UNITED NATIONS – Secretary-General Ban Ki-moon says donors went "far beyond expectations" and pledged $9.9 billion over more than three years to rebuild earthquake-ravaged Haiti.
Haiti had appealed for $3.8 billion for the next two years. The U.N. chief said the $9.9 billion includes pledges of $5.3 billion from governments and international partners for the first 24 months of reconstruction, far-exceeding Haiti's request.
Ban told a news conference at the end of a daylong donor conference on Wednesday that the international community had come together "dramatically and in solidarity with the Haitian people" to help them recover from the Jan. 12 earthquake.
The quake destroyed the government and commercial center of the capital, Port-au-Prince, killed more than 217,000 people and left an estimated 1.3 million people homeless.
THIS IS A BREAKING NEWS UPDATE. Check back soon for further information. AP's earlier story is below.
UNITED NATIONS (AP) — Secretary-General Ban Ki-Moon and U.S. Secretary of State Hillary Rodham Clinton appealed to the world's nations Wednesday to donate $3.8 billion to start rebuilding earthquake-ravaged Haiti — and the world responded even more generously.
In the first minutes of a day-long donors conference, the United States and the European Union pledged more than two-thirds of the requested amount.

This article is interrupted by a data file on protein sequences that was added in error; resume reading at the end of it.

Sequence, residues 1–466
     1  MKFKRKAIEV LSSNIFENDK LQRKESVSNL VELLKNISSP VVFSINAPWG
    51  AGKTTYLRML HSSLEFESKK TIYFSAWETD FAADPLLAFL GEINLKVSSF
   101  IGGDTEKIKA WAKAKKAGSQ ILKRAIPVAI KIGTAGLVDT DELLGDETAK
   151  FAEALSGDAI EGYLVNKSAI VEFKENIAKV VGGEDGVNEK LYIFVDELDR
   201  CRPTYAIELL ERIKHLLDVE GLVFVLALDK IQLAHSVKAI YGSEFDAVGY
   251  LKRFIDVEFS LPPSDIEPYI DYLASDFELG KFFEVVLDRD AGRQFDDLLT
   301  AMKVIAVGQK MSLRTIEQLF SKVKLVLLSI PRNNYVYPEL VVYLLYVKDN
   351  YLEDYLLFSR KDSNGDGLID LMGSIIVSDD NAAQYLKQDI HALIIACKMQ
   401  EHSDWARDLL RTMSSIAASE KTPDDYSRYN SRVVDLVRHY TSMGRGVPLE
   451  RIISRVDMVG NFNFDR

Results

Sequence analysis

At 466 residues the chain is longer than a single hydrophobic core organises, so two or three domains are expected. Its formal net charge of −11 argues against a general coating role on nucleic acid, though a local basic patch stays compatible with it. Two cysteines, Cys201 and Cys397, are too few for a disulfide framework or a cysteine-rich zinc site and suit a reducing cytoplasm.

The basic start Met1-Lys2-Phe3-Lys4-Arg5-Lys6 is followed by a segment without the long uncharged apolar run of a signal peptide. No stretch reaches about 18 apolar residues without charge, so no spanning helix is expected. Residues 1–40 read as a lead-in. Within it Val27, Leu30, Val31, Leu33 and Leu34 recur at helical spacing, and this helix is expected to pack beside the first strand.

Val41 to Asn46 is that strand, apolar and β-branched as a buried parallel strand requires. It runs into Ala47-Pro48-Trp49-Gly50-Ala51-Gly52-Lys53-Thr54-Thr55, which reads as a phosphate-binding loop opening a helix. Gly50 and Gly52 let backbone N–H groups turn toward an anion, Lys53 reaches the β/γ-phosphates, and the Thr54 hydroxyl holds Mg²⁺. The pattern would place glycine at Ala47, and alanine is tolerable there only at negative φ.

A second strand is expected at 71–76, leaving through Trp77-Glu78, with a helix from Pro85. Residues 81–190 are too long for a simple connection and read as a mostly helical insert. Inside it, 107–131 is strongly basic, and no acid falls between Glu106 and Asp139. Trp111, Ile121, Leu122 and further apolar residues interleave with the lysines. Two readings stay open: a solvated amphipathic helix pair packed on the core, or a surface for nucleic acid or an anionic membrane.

By late afternoon, a U.N. tally showed that nations and organizations had pledged nearly $5.1 billion for the next 18 months.
It was not immediately clear if all those pledges were new money, as some delegates appeared to be describing already existing aid projects.
"By the end of this day I am confident we will truly have helped Haiti along the road to a new and better future," Ban said in his opening address.
Haiti's President Rene Preval asked donors to focus on education and help the country's 9 million people provide for their own future.
"Let us dream of a new Haiti whose fate lies in a new project for a society without exclusion, which has overcome hunger, in which all have access to secure shelter ... (and their) health needs provided," he told diplomats and ministers from more than 130 countries.
Clinton announced the United States' pledge of $1.15 billion over the next two years. Catherine Ashton, the European Union foreign affairs chief, then announced the EU's pledge of 1.235 billion euros, equivalent to over $1.6 billion.
The $3.8 billion Haiti is seeking for the next 18 months is just the initial part of a $11.5 billion package Preval's administration wants to rebuild schools, hospitals, courthouses and neighborhoods destroyed when the magnitude-7 earthquake pulverized its capital on Jan. 12.
Haiti's government has detailed its plans for the money in a 55-page rebuilding plan that lays out the interim reconstruction committee. It includes requests for $350 million in direct budget support to the government, which Edmond Mulet, the top resident U.N. envoy there, said is crucial for the country's progress.
"We need Haiti to succeed," Clinton said. "What happens there has repercussions far beyond its borders."